I'm more surprised than anyone about this recent turn of events. Up until last week, I was a heterosexual man. Then I chose to be a homosexual one afternoon. It was much easier than I thought.
Let me start from the beginning.
It was in Kindergarten that I first remember finding a girl aesthetically pleasing. I'd already heard about girls and how I, as a boy, was supposed to like them, but I was too young to really think about it. But then this girl named Michelle was just standing there in class, and I looked at her, and I thought to myself, "Wow, she's really pretty. Wow, I guess I like girls. Wow, I guess I get what everyone's been talking about." I didn't even need to do anything about it right then: it was enough to know she was pretty and that I could look at her.
Later, of course, as early as second grade and certainly by fourth grade, I had painful crushes on girls. I would think about them, desire them. Maybe I wanted to kiss them or hold their hands, but mostly I wanted them to be my girlfriends.
These feelings got even stronger as I got older and, in seventh grade, I had my first real girlfriend. What a spectacular experience. I still remember how neatly everything worked: I liked a girl, she liked me, and we got to be together and to be called ("officially") a couple, with all the privileges afforded couples--holding hands and kissing in public, going to dances together, trading meaningful trinkets like Swatch watches to prove to the world that we were going together... and, yes, we even got to break up. I even remember that part fondly. It was the most beautiful breakup I would ever have, and it was definitely part of the experience.
Future relationships, though sometimes more painful, only grew deeper. In these many relationships, there was true love, there were tears, there were fights, there was discovery of ourselves and our bodies, there was a different kind of friendship, we introduced each other to our favorite TV shows... we shaped each other's personalities in unalterable ways forever.
Saturday, February 22, 2014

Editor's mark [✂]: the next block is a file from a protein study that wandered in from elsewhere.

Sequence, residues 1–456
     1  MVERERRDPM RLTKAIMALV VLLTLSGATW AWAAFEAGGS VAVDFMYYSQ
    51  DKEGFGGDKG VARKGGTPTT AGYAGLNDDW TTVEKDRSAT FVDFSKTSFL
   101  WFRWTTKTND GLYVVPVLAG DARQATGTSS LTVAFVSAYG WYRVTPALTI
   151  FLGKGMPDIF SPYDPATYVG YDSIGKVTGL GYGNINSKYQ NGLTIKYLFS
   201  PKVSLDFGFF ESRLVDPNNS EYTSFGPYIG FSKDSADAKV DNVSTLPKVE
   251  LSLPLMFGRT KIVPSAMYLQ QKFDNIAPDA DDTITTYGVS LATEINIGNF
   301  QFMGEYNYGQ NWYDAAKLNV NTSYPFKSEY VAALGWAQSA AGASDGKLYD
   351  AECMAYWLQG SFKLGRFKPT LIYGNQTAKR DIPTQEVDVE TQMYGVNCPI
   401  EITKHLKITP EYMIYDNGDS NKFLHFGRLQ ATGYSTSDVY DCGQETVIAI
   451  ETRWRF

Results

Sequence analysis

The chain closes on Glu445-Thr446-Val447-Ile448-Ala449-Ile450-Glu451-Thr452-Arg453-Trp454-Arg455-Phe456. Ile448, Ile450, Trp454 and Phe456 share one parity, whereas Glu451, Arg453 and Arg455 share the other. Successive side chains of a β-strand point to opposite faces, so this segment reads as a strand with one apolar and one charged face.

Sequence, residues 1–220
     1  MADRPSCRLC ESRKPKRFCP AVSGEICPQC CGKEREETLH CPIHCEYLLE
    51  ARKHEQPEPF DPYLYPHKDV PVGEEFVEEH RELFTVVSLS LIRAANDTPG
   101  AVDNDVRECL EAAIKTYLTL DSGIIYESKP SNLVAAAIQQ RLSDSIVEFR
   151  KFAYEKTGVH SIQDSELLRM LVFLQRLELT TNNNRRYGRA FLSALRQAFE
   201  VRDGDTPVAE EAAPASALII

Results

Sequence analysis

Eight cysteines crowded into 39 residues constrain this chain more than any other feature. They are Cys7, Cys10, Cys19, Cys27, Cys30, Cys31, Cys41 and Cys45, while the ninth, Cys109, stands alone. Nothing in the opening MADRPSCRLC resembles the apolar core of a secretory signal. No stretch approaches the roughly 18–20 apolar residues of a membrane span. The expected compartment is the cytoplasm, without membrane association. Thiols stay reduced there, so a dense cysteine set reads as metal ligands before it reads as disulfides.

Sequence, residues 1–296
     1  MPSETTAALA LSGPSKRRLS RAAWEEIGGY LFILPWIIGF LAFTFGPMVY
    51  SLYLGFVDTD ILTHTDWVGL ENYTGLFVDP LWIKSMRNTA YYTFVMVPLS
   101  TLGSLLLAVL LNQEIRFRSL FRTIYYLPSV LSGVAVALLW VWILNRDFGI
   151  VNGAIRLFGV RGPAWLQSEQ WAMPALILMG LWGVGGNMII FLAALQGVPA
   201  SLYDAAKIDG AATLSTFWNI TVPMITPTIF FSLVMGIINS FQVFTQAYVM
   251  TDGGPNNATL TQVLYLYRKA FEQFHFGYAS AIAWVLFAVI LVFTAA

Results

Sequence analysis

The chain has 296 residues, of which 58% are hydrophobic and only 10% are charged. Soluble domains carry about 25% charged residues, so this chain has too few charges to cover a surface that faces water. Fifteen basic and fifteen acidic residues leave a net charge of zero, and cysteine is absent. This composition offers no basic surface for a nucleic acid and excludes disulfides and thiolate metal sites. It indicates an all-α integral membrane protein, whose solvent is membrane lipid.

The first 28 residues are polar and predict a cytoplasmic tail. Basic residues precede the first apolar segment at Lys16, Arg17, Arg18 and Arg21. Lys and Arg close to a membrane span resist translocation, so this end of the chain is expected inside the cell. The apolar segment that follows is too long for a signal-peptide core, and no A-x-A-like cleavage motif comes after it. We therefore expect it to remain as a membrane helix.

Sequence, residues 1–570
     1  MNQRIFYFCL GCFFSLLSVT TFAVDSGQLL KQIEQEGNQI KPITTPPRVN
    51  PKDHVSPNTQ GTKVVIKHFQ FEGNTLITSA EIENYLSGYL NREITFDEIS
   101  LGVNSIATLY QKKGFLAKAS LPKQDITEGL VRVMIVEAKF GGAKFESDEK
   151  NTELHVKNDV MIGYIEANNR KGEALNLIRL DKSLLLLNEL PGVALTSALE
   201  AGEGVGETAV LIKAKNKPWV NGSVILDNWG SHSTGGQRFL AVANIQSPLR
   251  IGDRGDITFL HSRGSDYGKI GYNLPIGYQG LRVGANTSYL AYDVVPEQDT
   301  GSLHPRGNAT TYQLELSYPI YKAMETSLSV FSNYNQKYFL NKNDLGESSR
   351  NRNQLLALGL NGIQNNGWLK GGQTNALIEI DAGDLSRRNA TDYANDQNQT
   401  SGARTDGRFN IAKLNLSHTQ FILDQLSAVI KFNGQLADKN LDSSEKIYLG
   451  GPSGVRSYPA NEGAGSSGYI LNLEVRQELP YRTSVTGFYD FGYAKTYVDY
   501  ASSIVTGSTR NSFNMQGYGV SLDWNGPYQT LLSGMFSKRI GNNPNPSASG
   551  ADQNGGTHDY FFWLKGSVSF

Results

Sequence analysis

Monday, February 10, 2014
For most of my believing life, probably the #1 reason I believed in God was that I thought I felt him. That was my "proof." But what had really happened, of course, was that I felt feelings that I was told came from God. Once I realized that God was not necessarily the source of these special feelings, I was eventually able to drop him... and still have the feelings, of course.
Now, think of when you've felt romantic love: maybe especially as a very young person feeling it for the first time or (especially especially) as a teenager. Then imagine your parents or priests or whoever swooping in and telling you, "That's Eros you're feeling. He has hit you with one of his gold-tipped arrows, and now you are uncontrollably in love with this person until the poison wears off." This authority figure might even follow up with, "And I'm sorry if the person you love doesn't return the affection. It probably just means that Eros has hit that person with one of his lead-tipped arrows."
We can all see the ridiculousness of these statements, since we're now taught Greek mythology in high school (mythology here meaning, of course -- as Joseph Campbell quipped -- "other people's religion") and can easily recognize the allegorical nature of the mythological characters. It's especially easy to see metaphor in Greek mythology when the gods have names like Ocean, Night, Sleep, and Death or when they're gods "of" something (of war, of wisdom, etc.). It's a little more difficult in the Abrahamic system when all of these nicely-divided deities become lumped into one male figure who eventually becomes so powerful that not only is he "a god," but his name actually becomes God.
So, back when I was feeling "God feelings," those feelings could have been anything since God is everything. God is love, after all, but he's also a jealous god, an angry god, a god of mercy, a god of righteousness, and whatever else. He's a shepherd and a king and a rock and a father and even a mother hen. No matter what I did or felt or experienced, God could be blamed for it.